In a meeting held on 23 April at home ministry, by representatives of Intelligence Bureau, security agencies, top police forces and senior officials from telecom and IT departments, two major decisions were taken.
First decision was to make all global firms offering VoIP services in India such as Skype, to set up servers in India, in order to continue offering their facility in the country. In Another decision all ISP’s and mobile phone companies in India as asked to segregate IP addresses on a state-wide basis.
These decisions were taken in order to track the newer forms of communications and to provide home ministry an access to block websites or internet telephone service on selected states and regions. however, according to telecom officials, this solution might not be possible to implement due to unregulated and decentralized internet architecture in India.
During the meeting it was also decided that all ISP’s and Telecom companies should appoint a nodal officer in state with access to GGSN gateway. The gateway GPRS support node (GGSN) is a main component of the GPRS network and is responsible for the internetworking between the GPRS network and the Internet.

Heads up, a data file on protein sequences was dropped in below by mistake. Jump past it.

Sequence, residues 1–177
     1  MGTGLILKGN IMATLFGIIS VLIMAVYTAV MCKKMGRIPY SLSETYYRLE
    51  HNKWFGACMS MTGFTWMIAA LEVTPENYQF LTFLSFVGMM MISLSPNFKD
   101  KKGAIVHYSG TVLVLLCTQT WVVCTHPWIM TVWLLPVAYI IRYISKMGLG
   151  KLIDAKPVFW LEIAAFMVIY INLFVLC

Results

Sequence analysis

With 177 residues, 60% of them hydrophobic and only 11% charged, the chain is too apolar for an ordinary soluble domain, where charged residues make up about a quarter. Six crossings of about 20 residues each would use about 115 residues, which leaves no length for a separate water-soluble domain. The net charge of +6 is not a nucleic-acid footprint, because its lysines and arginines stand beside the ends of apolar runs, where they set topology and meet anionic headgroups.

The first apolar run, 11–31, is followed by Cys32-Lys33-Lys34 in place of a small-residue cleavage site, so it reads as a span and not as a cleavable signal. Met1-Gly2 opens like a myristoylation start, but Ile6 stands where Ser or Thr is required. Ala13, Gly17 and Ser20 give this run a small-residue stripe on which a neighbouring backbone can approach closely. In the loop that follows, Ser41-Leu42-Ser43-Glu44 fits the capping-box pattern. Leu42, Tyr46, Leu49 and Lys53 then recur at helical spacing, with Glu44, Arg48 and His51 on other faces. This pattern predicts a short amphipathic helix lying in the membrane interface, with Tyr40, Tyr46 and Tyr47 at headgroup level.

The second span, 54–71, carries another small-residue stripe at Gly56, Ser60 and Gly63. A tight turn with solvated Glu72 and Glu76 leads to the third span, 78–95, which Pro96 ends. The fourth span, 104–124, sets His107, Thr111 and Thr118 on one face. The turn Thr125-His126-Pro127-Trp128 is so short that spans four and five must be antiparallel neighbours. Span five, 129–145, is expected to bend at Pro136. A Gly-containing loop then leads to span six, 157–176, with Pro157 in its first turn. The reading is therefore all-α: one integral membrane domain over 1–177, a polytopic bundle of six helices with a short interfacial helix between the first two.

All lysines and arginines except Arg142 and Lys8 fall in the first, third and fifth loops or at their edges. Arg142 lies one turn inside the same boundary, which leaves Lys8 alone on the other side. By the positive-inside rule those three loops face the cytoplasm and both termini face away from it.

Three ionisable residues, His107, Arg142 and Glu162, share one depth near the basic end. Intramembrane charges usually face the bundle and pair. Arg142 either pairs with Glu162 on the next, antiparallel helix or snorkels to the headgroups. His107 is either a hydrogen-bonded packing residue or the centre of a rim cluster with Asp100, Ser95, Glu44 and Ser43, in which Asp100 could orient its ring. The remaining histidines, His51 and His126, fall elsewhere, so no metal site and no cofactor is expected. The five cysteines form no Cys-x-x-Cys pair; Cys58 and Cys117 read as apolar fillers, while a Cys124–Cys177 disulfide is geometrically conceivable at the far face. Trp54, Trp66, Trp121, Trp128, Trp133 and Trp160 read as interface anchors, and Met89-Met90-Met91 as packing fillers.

Apart from skype, the other internet telephony services in India such as HIKE, Viber, Rocketalk, Nimbuzz and WeChat will also be facing issues in setting their servers in India. HIKE and Rocketalk are already having their servers in India. At present, the skype server is located in Denmark, VIber in US, WeChat in Fujian and Nimbuzz in Netherlands.
Government often claims about security threats in internet and have taken many steps in order to so called ‘secure’ it. For example, a few months back, government has put in measures to scan social media sites such as facebook, twitter and have also added tools to monitor email, blogs, media reports and Internet traffic. Also, SEBI is considering to regulate mobile chat apps like whatsapp among others to check risks posed by them. However, the main thing to focus is ‘are these solutions really reliable?’ or What is the problem government is fighting with, is it free speech?